Security found wanting again after WannaCry
NHS Lanarkshire Cancels Ops After Weekend Ransomware Blitz
An NHS Scotland organization has suffered a second major ransomware-related outage, just months after it was struck by the infamous WannaCry attacks of May.
The Bitpaymer variant is said to have struck NHS Lanarkshire on Friday, affecting some key services over the weekend.
According to a spokesperson, the NHS security systems weren’t able to detect the malware as it was a new variant, indicating that they’re still using fairly basic software.
Some operations were cancelled as a result, as IT teams struggled to contain the outbreak, while patients were urged not to visit their local hospitals unless their trip was essential.
NHS Lanarkshire chief executive, Calum Campbell, explained in a statement on Friday that it was “Putting in place a solution from our IT security provider.”
"We have detected some incidences of malware. We took immediate action to prevent this spreading while we carried out further investigations,” he added.
"While the issue is being resolved our staff have been working hard to minimize the impact on patients and we apologize to anyone who has been affected.”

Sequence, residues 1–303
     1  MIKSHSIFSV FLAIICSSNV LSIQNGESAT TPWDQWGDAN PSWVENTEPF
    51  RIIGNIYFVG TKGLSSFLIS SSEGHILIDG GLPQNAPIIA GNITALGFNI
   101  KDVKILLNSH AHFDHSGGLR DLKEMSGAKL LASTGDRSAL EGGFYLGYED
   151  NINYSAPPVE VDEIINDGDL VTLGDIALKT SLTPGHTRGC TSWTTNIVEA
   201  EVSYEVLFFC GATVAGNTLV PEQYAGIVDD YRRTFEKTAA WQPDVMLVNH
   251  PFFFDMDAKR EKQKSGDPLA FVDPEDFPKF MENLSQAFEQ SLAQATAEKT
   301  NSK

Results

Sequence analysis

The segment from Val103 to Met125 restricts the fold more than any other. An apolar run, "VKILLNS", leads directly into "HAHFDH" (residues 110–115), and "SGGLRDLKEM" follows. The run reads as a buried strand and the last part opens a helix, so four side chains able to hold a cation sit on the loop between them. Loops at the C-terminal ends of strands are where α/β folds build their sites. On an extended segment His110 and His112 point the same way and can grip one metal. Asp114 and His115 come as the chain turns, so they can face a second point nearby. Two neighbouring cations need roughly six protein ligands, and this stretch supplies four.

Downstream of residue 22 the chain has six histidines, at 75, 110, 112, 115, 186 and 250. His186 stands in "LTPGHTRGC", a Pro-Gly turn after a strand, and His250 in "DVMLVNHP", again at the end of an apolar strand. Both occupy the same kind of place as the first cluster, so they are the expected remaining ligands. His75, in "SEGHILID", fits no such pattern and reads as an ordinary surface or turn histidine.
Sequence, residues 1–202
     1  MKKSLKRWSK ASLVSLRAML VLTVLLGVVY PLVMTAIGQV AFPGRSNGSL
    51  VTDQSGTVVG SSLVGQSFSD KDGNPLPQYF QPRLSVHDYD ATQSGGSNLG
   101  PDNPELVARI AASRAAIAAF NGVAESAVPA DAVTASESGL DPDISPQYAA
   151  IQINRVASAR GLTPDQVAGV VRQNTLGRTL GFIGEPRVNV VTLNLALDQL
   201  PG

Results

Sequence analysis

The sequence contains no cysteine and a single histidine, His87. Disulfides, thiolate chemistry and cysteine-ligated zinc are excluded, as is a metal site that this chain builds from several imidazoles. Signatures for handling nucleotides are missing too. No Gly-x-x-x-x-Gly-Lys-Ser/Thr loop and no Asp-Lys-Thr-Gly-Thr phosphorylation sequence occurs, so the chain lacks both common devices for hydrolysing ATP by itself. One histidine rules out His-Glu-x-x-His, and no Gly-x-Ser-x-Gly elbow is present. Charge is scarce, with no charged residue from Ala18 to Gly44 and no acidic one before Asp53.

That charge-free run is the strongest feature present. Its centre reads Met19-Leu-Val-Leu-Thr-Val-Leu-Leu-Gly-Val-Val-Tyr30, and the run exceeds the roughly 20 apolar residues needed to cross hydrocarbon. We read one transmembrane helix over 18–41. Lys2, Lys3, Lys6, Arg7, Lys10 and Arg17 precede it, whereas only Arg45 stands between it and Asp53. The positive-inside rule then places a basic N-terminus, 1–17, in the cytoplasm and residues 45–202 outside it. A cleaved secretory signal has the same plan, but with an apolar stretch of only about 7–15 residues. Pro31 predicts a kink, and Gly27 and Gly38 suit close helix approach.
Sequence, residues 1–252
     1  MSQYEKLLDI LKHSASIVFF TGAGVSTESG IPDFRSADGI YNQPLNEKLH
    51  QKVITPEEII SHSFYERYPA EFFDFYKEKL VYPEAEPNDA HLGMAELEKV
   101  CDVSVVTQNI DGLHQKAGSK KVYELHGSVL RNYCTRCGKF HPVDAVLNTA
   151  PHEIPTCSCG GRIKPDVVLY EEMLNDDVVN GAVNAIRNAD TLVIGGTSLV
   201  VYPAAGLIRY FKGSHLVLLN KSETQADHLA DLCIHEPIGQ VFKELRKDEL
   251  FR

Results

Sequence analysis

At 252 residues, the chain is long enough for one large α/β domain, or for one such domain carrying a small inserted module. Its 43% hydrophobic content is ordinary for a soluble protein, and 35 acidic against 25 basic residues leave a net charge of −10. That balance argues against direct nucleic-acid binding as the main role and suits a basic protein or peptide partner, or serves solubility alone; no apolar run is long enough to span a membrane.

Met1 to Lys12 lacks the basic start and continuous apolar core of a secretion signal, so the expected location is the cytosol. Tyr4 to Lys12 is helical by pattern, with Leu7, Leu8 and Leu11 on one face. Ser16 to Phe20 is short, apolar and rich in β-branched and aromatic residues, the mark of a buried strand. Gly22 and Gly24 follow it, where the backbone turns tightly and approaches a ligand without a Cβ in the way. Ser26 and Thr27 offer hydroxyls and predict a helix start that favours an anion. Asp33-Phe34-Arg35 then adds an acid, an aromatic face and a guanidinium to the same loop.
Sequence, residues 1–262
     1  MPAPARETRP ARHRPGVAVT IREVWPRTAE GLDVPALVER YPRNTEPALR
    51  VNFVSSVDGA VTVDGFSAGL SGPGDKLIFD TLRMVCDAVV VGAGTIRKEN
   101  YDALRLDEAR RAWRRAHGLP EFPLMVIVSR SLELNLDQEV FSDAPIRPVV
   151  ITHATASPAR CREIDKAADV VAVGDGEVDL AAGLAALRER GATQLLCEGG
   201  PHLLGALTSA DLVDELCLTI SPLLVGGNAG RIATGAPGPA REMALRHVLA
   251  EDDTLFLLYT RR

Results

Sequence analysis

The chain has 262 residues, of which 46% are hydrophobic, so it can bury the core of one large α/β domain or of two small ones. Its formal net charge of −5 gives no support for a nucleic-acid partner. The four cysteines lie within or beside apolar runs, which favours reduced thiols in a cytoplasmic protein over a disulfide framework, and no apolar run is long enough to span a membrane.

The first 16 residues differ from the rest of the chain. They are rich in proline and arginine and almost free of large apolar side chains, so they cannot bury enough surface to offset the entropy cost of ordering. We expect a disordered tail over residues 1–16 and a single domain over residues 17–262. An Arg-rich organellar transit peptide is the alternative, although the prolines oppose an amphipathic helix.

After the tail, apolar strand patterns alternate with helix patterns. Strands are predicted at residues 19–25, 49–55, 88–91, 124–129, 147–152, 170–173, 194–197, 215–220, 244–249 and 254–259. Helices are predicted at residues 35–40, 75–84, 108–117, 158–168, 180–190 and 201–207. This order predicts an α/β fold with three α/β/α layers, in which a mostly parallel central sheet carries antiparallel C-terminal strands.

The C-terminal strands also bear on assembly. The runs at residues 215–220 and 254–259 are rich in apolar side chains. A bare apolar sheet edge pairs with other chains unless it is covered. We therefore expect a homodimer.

NHS Lanarkshire is said to have been one of the regions worst affected by the WannaCry campaign of mid-May.
It’s unclear how its computers became infected by the new ransomware variant, although phishing emails are the most common attack vector.
On Thursday, security firm Proofpoint revealed a new ransomware strain dubbed “Defray” which is being spread via malicious Word attachments in unsolicited mail.
The threat is primarily targeted at victims in healthcare and education sectors, with the emails crafted to lure recipients into opening the attachment.
One email, for example, purports to be from the director of information management & technology at a hospital.
Ransomware attacks doubled in the first half of the year compared to the same time in 2017, according to stats from Check Point.
It claimed ransomware comprised 48% of the main attack categories globally in 1H 2017, versus 26% in the first six months of 2016.